The library. Harrogate's first public library was opened in 1887 at Fern Villa in Princes Street. In 1903, when plans were already afoot to replace a temporary building on the present site with a new town hall, Mr Andrew Carnegie offered £7,500 toward the cost of the library wing on which work began on 17th October 1904. Designed by H.T. Hare as part of a gigantic neo-baroque 'municipal place' complete with clock tower, only the library was built. Appropriately, it was opened on the 24th January 1906 by the Bishop of Bath and Wells, the remainder of the site being laid out as the library gardens. The art gallery was added to the upper floor in 1930.

Victoria Avenue, Harrogate, United Kingdom

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The Royal Pump Room. Dr. Edmund Deane first drew the attention of the world to the strongest sulphur spring in Great Britain when he published his 'Spadacrene Anglica' in 1626. This Royal Pump Room was built in in 1841-2 as the first act of the Harrogate Improvement Commissioners to a design by Isaac Thomas Shutt of the Swan Hotel at a cost of £2,249 0s 7d. Betty Lupton, 'The Queen of the Wells' dispensed the waters for decades until her death in 1843 at the age of 83. Public right of access to the spring is recognized by the stray award of 1778 and the Harrogate Act of 1841. Which required the provision of an exterior public pump. The annexe was designed by Leonard Clarke and opened in 1913 by the Lord Mayor of London. The Harrogate Museum was established here in 1953, the historic sulphur spring still being open for use.

Crown Place, Harrogate, United Kingdom

Victoria Avenue. The work of the Victoria Park Company in joining the two ancient villages of High and Low Harrogate to form a modern town reached a climax in 1860 with the opening of Victoria Avenue. Two of the first developments were the Belvedere of 1861, now the College of Arts and the congregational church by Lockwood and Mawson of 1861-2. The avenue at one time had private entrance gates and the combination of wide roads and pavements. Grass verges, trees and noble buildings provided an example from which future generations could obtain inspiration.

Victoria Avenue, Harrogate, United Kingdom

Prospect Square. Prospect Square was developed between 1859 and 1880 on land once owned by the Carter Family. Cambridge Crescent (N) of 1867-8 and Prospect Crescent (E) of 1873-80 were built by George Dawson and designed by J.H. Hirst who also designed St. Peter's Church (NE) of 1870-6, of which the tower, designed by A.A. Gibson, was built in 1926. The Prospect Hotel (S) of 1859 was given a tower and enlarged in 1870 to a design by Perkin and Son and a further rebuilding in 1937 permitted the widening of James Street. The war memorial was built in 1922-3 to a design by Prestwich and Sons, the two relief panels being sculpted by Gilbert Ledward.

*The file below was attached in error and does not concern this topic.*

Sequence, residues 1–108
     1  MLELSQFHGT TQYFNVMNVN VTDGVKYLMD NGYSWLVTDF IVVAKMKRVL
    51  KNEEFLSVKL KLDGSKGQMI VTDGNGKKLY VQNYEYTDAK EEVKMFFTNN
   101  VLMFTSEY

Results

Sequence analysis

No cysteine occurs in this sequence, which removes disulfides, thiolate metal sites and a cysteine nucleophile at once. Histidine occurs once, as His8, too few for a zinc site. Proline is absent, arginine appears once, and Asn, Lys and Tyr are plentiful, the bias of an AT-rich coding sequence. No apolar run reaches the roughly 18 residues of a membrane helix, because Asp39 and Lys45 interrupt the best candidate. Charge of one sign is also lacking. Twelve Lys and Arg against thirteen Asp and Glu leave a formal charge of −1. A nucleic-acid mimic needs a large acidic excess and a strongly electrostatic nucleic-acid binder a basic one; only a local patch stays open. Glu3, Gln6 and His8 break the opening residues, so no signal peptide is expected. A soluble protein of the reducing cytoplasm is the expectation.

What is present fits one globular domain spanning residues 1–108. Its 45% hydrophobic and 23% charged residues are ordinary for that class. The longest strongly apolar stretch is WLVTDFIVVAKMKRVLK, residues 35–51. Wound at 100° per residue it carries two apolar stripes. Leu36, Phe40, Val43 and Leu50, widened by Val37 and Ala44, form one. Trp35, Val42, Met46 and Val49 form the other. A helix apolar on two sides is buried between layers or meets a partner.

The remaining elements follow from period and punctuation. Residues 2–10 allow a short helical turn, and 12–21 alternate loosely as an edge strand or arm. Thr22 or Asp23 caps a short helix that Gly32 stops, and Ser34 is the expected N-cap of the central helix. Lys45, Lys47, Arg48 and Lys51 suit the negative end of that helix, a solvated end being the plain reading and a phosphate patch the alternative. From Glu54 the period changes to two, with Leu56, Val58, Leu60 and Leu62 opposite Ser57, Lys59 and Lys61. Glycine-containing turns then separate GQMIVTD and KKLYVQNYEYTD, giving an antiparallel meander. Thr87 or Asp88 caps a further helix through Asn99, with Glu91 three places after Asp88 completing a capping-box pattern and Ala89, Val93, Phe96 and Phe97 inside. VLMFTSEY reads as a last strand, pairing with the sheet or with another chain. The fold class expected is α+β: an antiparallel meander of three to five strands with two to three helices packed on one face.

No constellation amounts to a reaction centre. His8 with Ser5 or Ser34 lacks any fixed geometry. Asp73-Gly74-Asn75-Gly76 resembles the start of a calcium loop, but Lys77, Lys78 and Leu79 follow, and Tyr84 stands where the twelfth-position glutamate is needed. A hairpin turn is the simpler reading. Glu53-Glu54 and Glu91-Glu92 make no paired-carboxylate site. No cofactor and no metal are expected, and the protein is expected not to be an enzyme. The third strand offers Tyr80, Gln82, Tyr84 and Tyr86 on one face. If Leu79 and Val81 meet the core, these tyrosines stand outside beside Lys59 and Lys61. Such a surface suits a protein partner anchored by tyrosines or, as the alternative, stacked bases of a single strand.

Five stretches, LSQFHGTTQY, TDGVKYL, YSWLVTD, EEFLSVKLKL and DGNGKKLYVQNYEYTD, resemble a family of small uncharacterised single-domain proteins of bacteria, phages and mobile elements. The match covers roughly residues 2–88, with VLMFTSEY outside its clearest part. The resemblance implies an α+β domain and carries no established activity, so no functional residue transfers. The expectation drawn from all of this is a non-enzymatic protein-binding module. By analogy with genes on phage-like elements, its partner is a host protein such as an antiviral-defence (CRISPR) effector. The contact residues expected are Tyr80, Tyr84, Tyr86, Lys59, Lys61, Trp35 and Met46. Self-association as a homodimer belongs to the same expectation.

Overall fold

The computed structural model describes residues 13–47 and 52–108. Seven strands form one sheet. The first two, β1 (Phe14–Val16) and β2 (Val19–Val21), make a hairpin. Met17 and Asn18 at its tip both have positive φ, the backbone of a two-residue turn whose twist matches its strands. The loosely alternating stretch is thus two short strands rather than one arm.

Prospect Square, Harrogate, United Kingdom

The Stray. When the Great Forest of Knaresborough was enclosed by the Act of 1770, an award dating from 19th August 1778 set aside as common land 200 acres between the ancient villages of High and Low Harrogate to protect the public right of access to the unique mineral springs and to provide exercise space for all in search of health. The award states '...the 200 acres shall forever hereafter remain open and unenclosed, and all persons shall and may have free access at all times to the said springs... and enjoy full and free ingress, egress and regress in, upon and over the said 200 acres...'. Grazing rights were controlled by gate holders until the 1893 Stray Act passed control to Harrogate Corporation, whose successors administer, but do not own, this priceless public asset.

Montpellier Hill, Harrogate, United Kingdom

Montpellier Baths. This land once formed part of the Crown Hotel estate owned by Joseph Thackwray, who owned a pump room in Chinese style over the strong sulphur spring in 1822, admittance to the surrounding pleasure gardens being through this ticket office. The Crown Baths, built in 1834 and later known as the Montpellier Baths, were the best in Harrogate until the completion of the New Victoria Baths (now the council offices) in 1871. George Dawson bought the estate in 1869 and commissioned the architect J.H. Hirst to build a great new pump room. In 1888 Harrogate Corporation purchased the estate for £29, 500 and launched a national competition for a magnificent new building - the Royal Baths. The Pump Room was demolished in 1954 to make way for a car park.

Montpellier Gardens, Harrogate, United Kingdom

The Crown Hotel. The Crown is probably the oldest of the great Low Harrogate hotels, existing long before Joseph Thackwray became the owner in 1740. The nearness of the sulphur well and the provision of the highest standards of accommodation resulted in the small inn rapidly becoming an importnat hotel. In 1835 his great nephew, also named Joseph, achieved notoriety after sinking his own well close to the sulphur well but, following a hearing at York assizes in 1837, agreed to give up the well to public use. Lord Byron stayed here in the autumn of 1806 and, in addition to writing the "Ode to a Beautiful Quaker", was much distressed that his favourite dog had to be shot after attacking a horse. In 1839, at the outbreak of World War II, the Crown was requisitioned by the Air Ministry who remained until 1959, when it reverted to an hotel.